Wednesday, August 10, 2011

Alphabet Soup

My sister actually came up with the title for today's blog post. We were talking about our favorite paranormal/UF books and the discussion came around to books with large casts of supernatural characters. Hence, alphabet soup. We like our books to be crammed with supernatural creatures from A to Z.

When a story is brewing and percolating in my mind, I already have an idea of who (and what) my major players are going to be. And since I love to write series, I have to be really careful not to paint myself into a corner. A small cast of characters can be the kiss of death to a series.

I need variety. I can't settle for just vampires. Or just vampires and werewolves. I want vampires, werewolves, fae, goblins, ghouls, demons, and as many otherworldly creatures as I can think of. Now, you don't have to cram all of these creatures into every single scene. But, these fringe creatures should be introduced at least once, so they can be brought into later scenes or later books with ease. A series is only as good as its individual stories. And no one wants to read seven books about one creature. That's not what a typical urban fantasy reader is looking for. Neither do they want to read about every single supernatural creature under the sun hanging out in one book. That's just too much, and it's easy for the story to spiral out of control. Not to mention the burden of world-building that the author has to pull off in order to keep the story believable.

But by introducing a large cast, you can have one book that focuses on one creature, another book that focuses on another, and so on. Your world-building is only as good as the creatures in your world. And the story options once they're there, is limitless.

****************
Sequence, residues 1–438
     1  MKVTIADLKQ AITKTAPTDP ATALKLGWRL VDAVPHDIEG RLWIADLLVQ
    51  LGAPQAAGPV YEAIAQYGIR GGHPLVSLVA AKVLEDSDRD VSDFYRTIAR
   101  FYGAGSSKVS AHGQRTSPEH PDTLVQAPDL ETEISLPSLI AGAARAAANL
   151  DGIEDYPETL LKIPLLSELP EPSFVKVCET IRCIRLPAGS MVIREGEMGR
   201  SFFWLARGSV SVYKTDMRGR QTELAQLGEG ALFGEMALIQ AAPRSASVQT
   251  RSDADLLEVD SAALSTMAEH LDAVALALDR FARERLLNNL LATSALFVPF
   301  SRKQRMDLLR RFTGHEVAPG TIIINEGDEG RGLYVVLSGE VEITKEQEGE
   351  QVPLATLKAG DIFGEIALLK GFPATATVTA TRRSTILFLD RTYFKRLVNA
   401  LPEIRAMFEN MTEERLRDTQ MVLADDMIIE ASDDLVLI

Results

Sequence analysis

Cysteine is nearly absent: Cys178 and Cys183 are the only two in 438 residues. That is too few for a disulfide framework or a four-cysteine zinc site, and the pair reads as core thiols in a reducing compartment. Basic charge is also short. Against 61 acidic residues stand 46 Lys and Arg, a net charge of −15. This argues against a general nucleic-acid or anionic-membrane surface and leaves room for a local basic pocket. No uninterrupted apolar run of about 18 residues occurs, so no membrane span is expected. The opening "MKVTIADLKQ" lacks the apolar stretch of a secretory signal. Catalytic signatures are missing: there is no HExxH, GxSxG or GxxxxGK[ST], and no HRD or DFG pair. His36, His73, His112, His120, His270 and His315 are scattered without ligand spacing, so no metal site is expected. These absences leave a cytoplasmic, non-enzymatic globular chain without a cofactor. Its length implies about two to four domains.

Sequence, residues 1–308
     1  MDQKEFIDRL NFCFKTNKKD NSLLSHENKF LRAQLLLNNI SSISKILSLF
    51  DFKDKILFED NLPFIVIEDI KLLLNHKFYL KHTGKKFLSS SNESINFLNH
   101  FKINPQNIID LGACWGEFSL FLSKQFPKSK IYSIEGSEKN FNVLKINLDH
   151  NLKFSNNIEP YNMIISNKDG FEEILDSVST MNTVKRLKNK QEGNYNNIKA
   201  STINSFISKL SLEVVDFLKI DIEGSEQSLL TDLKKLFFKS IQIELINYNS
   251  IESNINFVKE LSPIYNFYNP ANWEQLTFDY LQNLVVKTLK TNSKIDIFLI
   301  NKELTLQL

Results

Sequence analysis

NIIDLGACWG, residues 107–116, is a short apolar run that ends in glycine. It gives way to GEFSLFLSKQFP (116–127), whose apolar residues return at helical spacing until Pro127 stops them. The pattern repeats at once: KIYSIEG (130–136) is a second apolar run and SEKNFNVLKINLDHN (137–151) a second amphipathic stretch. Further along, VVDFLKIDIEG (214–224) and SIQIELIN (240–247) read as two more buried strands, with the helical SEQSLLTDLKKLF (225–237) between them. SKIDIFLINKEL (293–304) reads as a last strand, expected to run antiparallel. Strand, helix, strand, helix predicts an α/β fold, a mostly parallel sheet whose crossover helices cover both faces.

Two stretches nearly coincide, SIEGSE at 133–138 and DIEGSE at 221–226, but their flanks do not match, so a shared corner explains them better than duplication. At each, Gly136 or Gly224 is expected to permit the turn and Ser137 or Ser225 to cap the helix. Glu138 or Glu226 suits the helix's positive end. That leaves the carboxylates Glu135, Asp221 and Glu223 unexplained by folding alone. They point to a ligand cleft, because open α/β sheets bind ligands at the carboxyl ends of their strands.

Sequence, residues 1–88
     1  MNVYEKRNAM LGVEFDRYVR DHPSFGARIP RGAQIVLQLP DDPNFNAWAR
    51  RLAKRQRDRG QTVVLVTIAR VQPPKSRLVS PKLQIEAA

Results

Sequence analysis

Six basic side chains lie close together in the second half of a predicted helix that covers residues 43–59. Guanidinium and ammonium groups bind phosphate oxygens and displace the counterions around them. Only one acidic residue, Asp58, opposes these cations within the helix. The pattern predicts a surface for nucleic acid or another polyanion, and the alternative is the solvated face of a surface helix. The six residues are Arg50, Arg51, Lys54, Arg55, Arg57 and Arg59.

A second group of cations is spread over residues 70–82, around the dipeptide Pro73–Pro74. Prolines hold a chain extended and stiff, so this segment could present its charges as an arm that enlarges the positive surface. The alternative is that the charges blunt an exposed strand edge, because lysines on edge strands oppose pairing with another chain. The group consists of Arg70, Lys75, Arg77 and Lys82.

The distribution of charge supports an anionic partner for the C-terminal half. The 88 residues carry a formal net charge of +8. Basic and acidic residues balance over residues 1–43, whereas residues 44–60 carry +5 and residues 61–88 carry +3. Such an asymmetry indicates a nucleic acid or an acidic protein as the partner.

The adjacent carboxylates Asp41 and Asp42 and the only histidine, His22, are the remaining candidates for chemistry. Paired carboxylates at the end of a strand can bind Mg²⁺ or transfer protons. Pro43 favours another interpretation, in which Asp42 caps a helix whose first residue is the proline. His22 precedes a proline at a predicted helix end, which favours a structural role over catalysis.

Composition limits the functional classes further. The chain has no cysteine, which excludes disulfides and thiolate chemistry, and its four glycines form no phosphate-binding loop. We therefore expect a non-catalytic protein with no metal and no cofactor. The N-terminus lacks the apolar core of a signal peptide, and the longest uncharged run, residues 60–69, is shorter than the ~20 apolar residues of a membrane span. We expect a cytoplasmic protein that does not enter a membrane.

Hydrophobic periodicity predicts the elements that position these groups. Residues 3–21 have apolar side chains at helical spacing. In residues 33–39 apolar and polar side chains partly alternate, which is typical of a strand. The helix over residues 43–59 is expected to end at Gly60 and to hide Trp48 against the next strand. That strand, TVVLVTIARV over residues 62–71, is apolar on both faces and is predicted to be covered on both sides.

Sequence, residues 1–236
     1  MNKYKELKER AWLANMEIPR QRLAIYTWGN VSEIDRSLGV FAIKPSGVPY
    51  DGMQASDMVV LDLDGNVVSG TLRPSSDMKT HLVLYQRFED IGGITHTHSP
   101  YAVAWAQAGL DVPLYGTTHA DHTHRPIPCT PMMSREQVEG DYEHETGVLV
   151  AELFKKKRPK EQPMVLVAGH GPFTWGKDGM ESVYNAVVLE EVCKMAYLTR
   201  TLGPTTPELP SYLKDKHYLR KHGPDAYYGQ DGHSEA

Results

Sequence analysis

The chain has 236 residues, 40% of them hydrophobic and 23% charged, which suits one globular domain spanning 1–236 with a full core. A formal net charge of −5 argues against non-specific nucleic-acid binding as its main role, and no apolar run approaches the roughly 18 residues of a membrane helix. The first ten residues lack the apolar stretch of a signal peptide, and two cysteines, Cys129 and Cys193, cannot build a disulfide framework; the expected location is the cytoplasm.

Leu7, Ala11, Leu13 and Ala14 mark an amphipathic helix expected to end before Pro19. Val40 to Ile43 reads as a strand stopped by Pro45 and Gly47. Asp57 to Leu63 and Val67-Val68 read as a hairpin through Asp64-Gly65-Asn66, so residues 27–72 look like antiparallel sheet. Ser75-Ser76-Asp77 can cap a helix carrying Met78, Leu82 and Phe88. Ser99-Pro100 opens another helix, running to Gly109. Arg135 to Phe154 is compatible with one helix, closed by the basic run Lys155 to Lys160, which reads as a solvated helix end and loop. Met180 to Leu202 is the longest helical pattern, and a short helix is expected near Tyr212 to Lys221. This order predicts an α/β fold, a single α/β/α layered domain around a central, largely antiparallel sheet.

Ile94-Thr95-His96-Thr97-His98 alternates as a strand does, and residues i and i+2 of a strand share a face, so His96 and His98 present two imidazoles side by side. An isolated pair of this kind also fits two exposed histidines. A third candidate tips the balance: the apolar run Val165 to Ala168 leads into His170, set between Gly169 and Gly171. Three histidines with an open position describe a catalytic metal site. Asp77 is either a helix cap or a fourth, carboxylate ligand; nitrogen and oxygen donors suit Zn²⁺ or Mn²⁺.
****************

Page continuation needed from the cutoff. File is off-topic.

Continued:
How about you? Do you enjoy an alphabet's worth of supernatural characters in the books you read, or do you prefer to focus on a specific creature? And does the lack or excess of either affect a good series?


Shain Brown said...

The more the merrier. Throw them all in. By adding more paranormal characters the lines of normality begin to fade, and that's where the fun begins.

tracey garvis graves said...

I like several types of supernatural creatures. I think it's interesting (and I also think you're spot-on)when you say it's good to introduce them early, but not necessarily focus on every one of them in an entire book or scene. You make a valid point because sometimes it's confusing to keep track of all of them.

But I say, bring 'em on. And to echo Shain, the more the merrier.


Katrina L. Lantz said...

I've seen this kind of alphabet soup done really badly, but Kiersten White's Paranormalcy changed my negative opinion of the hodge-podge otherworld approach. It was just so fun having all those creatures there, and with a different spin on each one than you might expect. Like vamps just hanging out in graveyards because the entertainment industry made them feel like they should.

In Mortal Instruments, I thought it was well done, too. She kind of eases you into this world where there are more things than just the demons and the shadowhunters - exactly like you said.

But I actually don't mind reading a paranormal or urban fantasy about one species. Those are the stories I can really get lost in and *almost* believe. Like in Shiver by Maggie Stiefvater.

Fun topic!

Rane Aria said...

For me as a reader less is more. I find that when a writer focus on one or a two type of supernatural creatures and molds them or even when they create something brand new it draws me in deeper into the story and their world their writing - on how the said character effects the world around them and how their effected by what or whom they are.
When an author brings to much to the table, it's like an overload of a little to much and the dish can't be savored, but if you bring this amazing plate before the reader I feel it's a meal (book) more enjoyed